Academic contributions

Bell is arguably the most influential source of thought critical of traditional civil rights discourse. Bell’s critique represented a challenge on the dominant liberal and conservative position on civil rights, race and the law. He employed three major arguments in his analyses of racial patterns in American law: Constitutional contradiction, the interest convergence principle, and the price of racial remedies.

Bell continued in his writings on critical race theory even after accepting a teaching position at Harvard University. Much of his legal scholarship was influenced by his experience both as a black man and as a civil rights attorney. Writing in a narrative style, Bell contributed to the intellectual discussions on race. According to Bell, his purpose in writing was to examine the racial issues within the context of their economic and social and political dimensions from a legal standpoint.

For instance, in The Constitutional Contradiction, Bell argued that the framers of the Constitution chose the rewards of property over justice. With regard to the interest convergence, he maintains that "whites will promote racial advances for blacks only when they also promote white self-interest." Finally, in The Price of Racial Remedies, Bell argues that whites will not support civil rights policies that may threaten white social status.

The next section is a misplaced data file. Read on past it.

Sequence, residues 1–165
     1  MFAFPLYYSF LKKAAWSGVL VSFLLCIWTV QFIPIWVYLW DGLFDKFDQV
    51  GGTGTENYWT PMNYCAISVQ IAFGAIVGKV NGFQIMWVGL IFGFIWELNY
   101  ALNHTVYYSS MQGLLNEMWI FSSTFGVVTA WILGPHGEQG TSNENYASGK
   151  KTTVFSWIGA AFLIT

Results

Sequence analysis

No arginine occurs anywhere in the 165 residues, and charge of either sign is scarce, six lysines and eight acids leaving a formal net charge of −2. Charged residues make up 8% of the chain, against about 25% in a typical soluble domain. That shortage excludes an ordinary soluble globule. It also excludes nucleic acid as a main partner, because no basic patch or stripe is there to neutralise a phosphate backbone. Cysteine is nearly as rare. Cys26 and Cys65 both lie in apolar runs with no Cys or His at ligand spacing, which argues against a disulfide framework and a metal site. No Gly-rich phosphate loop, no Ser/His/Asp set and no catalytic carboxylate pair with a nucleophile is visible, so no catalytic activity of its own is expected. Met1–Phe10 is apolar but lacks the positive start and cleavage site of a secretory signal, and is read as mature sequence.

Bell is also the author of a number of books and short stories, including "Ethical Ambition" and "The Space Traders".

Derrick Bell is a supporter of animal rights and People for the Ethical Treatment of Animals.[4]

In popular media

His short story The Space Traders was adapted in 1994 by director Reginald Hudlin and writer Trey Ellis. It aired as the leading segment of a three part television anthology entitled "Cosmic Slop" which focused on minority centric Science Fiction.[5]


  1. ^ a b c Richard Pyatt (Sept-October 1998). "Derrick Bell: A career of confrontation opens doors for others". The New Crisis.  
  2. ^ Legal History Blog: New Archive: The Derrick Bell Papers
  3. ^ a b c d e f g Isaac Rosen. "Black Biography: Derrick Bell". Retrieved 2008-05-23.  
  4. ^ Kentucky Fried Cruelty :: Celebrity Support :: Derrick Bell
  5. ^ Cosmic Slop (1994) entry on

External links